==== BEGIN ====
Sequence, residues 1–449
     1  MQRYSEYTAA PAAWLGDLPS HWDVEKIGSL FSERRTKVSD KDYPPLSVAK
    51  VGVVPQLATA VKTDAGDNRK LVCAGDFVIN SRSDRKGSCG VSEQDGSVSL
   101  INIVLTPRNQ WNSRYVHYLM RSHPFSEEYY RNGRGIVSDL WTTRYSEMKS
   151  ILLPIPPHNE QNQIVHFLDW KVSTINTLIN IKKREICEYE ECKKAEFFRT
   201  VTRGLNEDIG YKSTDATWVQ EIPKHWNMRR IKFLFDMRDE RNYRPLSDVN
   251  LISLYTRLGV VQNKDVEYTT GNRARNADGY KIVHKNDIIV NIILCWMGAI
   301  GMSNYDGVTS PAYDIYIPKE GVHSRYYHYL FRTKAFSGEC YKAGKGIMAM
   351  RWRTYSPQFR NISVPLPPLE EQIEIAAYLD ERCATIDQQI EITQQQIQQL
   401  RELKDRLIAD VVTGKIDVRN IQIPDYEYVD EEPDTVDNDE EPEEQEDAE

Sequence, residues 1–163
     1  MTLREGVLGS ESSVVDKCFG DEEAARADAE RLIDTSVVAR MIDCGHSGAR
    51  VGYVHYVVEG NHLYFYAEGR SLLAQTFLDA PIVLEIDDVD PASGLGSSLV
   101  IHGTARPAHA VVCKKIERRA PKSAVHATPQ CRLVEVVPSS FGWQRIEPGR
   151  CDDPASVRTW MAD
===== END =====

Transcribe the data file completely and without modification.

Sequence, residues 1–449
     1  MQRYSEYTAA PAAWLGDLPS HWDVEKIGSL FSERRTKVSD KDYPPLSVAK
    51  VGVVPQLATA VKTDAGDNRK LVCAGDFVIN SRSDRKGSCG VSEQDGSVSL
   101  INIVLTPRNQ WNSRYVHYLM RSHPFSEEYY RNGRGIVSDL WTTRYSEMKS
   151  ILLPIPPHNE QNQIVHFLDW KVSTINTLIN IKKREICEYE ECKKAEFFRT
   201  VTRGLNEDIG YKSTDATWVQ EIPKHWNMRR IKFLFDMRDE RNYRPLSDVN
   251  LISLYTRLGV VQNKDVEYTT GNRARNADGY KIVHKNDIIV NIILCWMGAI
   301  GMSNYDGVTS PAYDIYIPKE GVHSRYYHYL FRTKAFSGEC YKAGKGIMAM
   351  RWRTYSPQFR NISVPLPPLE EQIEIAAYLD ERCATIDQQI EITQQQIQQL
   401  RELKDRLIAD VVTGKIDVRN IQIPDYEYVD EEPDTVDNDE EPEEQEDAE

Sequence, residues 1–163
     1  MTLREGVLGS ESSVVDKCFG DEEAARADAE RLIDTSVVAR MIDCGHSGAR
    51  VGYVHYVVEG NHLYFYAEGR SLLAQTFLDA PIVLEIDDVD PASGLGSSLV
   101  IHGTARPAHA VVCKKIERRA PKSAVHATPQ CRLVEVVPSS FGWQRIEPGR
   151  CDDPASVRTW MAD